2012 Economic Calendar
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Released On 10/26/2012 8:30:00 AM For Q3(a):2012
PriorConsensusConsensus RangeActual
Real GDP - Q/Q change - SAAR1.3 %1.9 %1.0 % to 3.9 %2.0 %
GDP price index - Q/Q change - SAAR1.6 %2.0 %1.4 % to 2.7 %2.8 %

At 2.0 percent, growth in third-quarter GDP came in fractionally higher than expected and well above second-quarter growth of 1.3 percent. Still, 2.0 percent isn't gangbusters.

But the quarter is led by final demand which is a positive indication for momentum going into the fourth quarter. Final sales of domestic product rose 2.1 percent which marks an acceleration from 1.7 percent in the second quarter. An alternate reading that excludes net exports is even stronger with final sales to domestic producers up 2.3 percent vs the prior quarter's 1.4 percent.

Personal consumption picked up in the quarter, led by consumer buying of durable goods which hints at consumer optimism to make large purchases. Business spending was flat.

A surprise positive in the quarter is a strong contribution from government spending led by Federal spending and specifically defense spending. Exports, as indicated by the special strength in the final sales reading that excludes exports, was a drag on the quarter and reflects weakness in global markets that's centered in Europe and includes Asia.

Inflation hawks have something to read in this report with the GDP price index, at 2.8 percent, coming in above high-end expectations. But when excluding food and energy, pressure slows to 1.3 percent from the second quarter's 1.7 percent.

There's not much reaction in the markets to today's report which does not improve the outlook for employment growth. Still, there are some positives in this report which underscore the economy's resilience and specifically the consumer's resilience.

Consensus Outlook
GDP growth was unexpectedly revised down for the second quarter. The Commerce Department estimated growth at a mere 1.3 percent annualized pace, compared to the second estimate of 1.7 percent and advance estimate of 1.5 percent. The latest number was sharply slower than the 2.0 percent seen in the first quarter and especially the 4.1 percent boost posted for the fourth quarter of last year.

Gross Domestic Product represents the total value of the country's production during the period and consists of the purchases of domestically-produced goods and services by individuals, businesses, foreigners and government entities. Data are available in nominal and real (inflation-adjusted) dollars, as well as in index form. Economists and market players always monitor the real growth rates generated by the GDP quantity index or the real dollar value. The quantity index measures inflation-adjusted activity, but we are more accustomed to looking at dollar values.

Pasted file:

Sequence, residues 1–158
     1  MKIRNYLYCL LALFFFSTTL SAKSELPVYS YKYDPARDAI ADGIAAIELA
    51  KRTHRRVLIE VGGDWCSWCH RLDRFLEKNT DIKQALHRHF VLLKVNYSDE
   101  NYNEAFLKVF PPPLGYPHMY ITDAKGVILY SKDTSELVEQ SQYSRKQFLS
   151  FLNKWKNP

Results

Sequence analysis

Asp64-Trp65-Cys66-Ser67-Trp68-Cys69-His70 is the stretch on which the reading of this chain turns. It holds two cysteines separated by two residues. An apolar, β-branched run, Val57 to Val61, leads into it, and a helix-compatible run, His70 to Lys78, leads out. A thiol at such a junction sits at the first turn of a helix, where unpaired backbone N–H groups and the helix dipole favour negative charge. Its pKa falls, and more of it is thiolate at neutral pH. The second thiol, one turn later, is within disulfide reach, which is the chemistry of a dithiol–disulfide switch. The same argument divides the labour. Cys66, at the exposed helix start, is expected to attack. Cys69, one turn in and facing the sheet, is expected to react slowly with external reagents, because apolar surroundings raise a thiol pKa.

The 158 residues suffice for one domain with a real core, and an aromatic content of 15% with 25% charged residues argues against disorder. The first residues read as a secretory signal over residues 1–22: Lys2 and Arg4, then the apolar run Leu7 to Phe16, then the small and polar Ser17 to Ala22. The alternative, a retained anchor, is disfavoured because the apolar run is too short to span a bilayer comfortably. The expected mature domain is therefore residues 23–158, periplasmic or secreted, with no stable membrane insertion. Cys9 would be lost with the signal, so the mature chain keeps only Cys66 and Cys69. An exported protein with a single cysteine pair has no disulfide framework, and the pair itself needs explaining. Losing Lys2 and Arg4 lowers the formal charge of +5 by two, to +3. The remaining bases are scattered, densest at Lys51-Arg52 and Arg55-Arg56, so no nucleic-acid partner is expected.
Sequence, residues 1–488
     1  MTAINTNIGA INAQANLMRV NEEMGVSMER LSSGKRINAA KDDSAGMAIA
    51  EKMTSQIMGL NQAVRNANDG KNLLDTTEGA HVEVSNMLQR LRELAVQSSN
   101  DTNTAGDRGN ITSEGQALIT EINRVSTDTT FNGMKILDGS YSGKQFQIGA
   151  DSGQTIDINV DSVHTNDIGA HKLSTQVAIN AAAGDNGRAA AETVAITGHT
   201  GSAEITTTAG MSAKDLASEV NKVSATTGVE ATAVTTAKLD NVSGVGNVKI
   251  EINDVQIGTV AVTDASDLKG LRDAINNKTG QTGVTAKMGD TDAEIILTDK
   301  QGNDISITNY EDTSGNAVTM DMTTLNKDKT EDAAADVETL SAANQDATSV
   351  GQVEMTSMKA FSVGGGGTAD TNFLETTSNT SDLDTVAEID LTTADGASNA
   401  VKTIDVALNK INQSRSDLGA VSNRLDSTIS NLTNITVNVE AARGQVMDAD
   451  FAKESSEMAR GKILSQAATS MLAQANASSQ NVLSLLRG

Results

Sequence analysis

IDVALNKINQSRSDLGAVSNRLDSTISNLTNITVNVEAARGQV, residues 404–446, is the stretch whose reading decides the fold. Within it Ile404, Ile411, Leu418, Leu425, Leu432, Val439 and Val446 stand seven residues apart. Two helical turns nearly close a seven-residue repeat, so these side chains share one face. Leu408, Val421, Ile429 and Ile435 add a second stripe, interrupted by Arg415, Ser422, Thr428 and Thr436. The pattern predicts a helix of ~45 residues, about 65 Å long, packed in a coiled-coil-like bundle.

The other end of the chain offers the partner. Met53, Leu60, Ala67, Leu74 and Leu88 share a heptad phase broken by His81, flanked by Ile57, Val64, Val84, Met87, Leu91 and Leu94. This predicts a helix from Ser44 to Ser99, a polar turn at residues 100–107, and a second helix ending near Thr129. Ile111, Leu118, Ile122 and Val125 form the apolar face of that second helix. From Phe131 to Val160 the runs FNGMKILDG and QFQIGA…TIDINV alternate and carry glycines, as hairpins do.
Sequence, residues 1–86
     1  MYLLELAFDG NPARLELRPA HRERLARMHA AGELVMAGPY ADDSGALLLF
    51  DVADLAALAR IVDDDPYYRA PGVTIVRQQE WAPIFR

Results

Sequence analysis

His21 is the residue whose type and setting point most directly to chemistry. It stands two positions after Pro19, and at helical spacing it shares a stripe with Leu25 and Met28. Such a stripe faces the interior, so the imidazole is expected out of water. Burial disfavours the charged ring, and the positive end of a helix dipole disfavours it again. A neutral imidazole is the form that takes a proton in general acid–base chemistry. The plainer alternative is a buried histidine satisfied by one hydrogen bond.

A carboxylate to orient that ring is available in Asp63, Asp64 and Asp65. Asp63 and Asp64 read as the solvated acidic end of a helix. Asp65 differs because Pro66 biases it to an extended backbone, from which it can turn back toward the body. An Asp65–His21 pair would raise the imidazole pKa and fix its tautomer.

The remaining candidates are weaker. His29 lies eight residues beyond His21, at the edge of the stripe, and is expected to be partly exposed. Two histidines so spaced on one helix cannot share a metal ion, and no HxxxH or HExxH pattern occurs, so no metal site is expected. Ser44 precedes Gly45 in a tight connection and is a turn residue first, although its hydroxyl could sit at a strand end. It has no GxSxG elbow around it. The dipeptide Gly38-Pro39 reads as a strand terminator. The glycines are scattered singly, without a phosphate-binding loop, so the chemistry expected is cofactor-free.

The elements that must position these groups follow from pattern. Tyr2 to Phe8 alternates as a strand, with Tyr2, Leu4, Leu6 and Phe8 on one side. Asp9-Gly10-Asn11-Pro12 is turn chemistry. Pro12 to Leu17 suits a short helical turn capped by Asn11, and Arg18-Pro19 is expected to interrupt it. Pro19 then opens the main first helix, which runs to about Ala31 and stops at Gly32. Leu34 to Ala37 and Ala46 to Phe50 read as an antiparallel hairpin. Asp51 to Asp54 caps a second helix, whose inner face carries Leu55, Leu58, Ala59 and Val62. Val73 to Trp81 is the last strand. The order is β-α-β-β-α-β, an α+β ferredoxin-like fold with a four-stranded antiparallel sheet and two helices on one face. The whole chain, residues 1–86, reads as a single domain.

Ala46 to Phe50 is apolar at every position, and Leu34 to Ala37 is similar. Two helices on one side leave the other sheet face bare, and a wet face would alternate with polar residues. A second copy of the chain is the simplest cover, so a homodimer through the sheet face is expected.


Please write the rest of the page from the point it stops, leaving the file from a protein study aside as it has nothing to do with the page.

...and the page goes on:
Household purchases are counted in personal consumption expenditures -- durable goods (such as furniture and cars), nondurable goods (such as clothing and food) and services (such as banking, education and transportation). Private housing purchases are classified as residential investment. Businesses invest in nonresidential structures, durable equipment and computer software. Inventories at all stages of production are counted as investment. Only inventory changes, not levels, are added to GDP.

Net exports equal the sum of exports less imports. Exports are the purchases by foreigners of goods and services produced in the United States. Imports represent domestic purchases of foreign-produced goods and services and must be deducted from the calculation of GDP. Government purchases of goods and services are the compensation of government employees and purchases from businesses and abroad. Data show the portion attributed to consumption and investment. Government outlays for transfer payments or interest payments are not included in GDP.

The GDP price index is a comprehensive indicator of inflation. It is typically lower than the consumer price index because investment goods (which are in the GDP price index but not the CPI) tend to have lower rates of inflation than consumer goods and services. Note that contributions of each component, as averaged over the prior year, are tracked in the table below (components do not exactly sum to total due to chain-weighted methodology). Consumption expenditures, otherwise known as consumer spending, has over history been steadily making up an increasing share of GDP.  Why Investors Care
Real GDP growth is always quoted at a quarterly annual rate. It measures how much the economy has grown over a three-month period. Quarterly growth rates are often volatile; consequently, economists also like to look at the year-over-year growth in GDP. The yearly changes tend to be more stable.
Data Source: Haver Analytics
It is common to compare quarterly changes at annual rates in the GDP deflator. These can be volatile, just like the quarterly swings in real GDP growth; as a result, the trend in inflation is better determined by year- over- year changes.
Data Source: Haver Analytics

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